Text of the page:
“We felt it was in the best interest of the station to ensure that the concerns of the organization were heard,” in the course of the NLRB process, Rogers says. Asked whether he was opposed to recognizing the union, Rogers replied, “My personal feelings are irrelevant.”

Marc Steiner disagrees. A former WYPR executive who now hosts a program for a competing radio station in the Baltimore market, Steiner was ousted from the station in 2008 after a showdown with current WYPR President Anthony Brandon over control at the station. He counters that the personal feelings of the board members are very relevant.

“The Board is made up of corporate executives and wealthy people, most of whom do not understand public radio,” Steiner says. “It is really run, or at least it was when I was there, more like a commercial station.”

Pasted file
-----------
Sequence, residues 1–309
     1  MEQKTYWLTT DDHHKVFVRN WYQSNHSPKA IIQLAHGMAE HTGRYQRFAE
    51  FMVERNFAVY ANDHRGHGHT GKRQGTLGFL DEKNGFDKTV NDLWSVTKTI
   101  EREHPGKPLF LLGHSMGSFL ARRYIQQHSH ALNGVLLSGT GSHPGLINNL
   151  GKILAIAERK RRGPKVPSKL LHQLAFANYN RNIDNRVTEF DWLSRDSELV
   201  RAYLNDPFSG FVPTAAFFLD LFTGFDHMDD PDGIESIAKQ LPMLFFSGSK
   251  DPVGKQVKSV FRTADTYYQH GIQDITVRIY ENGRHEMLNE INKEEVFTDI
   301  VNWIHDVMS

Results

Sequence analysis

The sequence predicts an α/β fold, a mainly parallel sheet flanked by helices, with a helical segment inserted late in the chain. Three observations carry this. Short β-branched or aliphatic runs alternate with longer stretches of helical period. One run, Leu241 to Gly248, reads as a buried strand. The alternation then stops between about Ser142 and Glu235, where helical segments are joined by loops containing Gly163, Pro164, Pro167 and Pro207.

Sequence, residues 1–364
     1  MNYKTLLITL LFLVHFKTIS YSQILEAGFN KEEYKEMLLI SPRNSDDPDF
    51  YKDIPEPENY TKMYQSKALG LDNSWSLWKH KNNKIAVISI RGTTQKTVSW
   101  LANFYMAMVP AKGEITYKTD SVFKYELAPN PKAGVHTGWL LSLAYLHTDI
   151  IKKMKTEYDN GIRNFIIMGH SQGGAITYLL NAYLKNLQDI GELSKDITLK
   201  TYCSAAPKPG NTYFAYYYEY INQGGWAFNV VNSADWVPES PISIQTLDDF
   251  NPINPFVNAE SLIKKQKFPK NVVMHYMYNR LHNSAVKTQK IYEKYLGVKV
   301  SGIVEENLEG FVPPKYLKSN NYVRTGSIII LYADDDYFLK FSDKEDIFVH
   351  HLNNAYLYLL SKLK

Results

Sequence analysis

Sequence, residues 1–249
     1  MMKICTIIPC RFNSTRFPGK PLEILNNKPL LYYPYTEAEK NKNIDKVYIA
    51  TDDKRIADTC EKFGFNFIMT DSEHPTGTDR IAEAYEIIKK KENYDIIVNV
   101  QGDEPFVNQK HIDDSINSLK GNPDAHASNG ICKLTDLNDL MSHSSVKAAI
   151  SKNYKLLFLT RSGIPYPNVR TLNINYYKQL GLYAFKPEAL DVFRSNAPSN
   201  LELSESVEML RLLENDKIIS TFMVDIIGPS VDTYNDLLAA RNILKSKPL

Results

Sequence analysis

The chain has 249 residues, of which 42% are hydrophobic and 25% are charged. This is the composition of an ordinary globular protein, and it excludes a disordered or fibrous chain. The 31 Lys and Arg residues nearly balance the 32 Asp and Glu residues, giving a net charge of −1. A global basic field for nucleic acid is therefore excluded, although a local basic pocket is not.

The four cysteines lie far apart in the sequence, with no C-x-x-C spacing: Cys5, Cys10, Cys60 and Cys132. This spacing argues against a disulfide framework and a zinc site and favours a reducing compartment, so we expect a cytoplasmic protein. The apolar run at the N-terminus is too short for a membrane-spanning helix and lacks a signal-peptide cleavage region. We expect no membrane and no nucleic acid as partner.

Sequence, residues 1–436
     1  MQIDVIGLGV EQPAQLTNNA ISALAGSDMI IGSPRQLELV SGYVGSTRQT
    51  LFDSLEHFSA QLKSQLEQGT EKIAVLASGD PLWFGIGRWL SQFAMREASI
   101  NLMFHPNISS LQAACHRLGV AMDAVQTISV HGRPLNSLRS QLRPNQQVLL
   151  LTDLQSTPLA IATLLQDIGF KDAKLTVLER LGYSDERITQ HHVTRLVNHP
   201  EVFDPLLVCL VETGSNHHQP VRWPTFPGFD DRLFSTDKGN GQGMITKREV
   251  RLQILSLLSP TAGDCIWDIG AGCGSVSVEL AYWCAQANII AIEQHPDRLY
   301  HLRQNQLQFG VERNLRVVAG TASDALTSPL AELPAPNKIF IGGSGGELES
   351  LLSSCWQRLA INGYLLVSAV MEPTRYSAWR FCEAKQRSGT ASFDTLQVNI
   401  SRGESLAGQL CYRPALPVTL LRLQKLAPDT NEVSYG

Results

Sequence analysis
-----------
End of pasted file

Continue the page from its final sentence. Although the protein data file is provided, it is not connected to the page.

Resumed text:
Steiner says that WYPR workers he has spoken with wanted a union in part “to ensure a firewall between those corporate interests and programming. Unless things have changed [since I worked there], programming is under constant pressure to mold what is heard on the airwaves to interests of underwriters.” He also reports hearing consistent complaints about heavy-handed management techniques and substandard pay levels—many complaints revolve around Brandon’s perceived autocratic style of management. on the job.

Look, we hired this union busting firm but not because we wanted to stop our workers from unionizing. We wanted to make sure our corporate voice was heard through the kind of legal shenanigans that only a union busting firm can provide. Now please give us more money during the next pledge drive.

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The JP Morgan Chase Whistleblower

[ 44 ] November 6, 2014 |

Good to see Taibbi back to doing what he does best:

Fleischmann is the central witness in one of the biggest cases of white-collar crime in American history, possessing secrets that JPMorgan Chase CEO Jamie Dimon late last year paid $9 billion (not $13 billion as regularly reported – more on that later) to keep the public from hearing.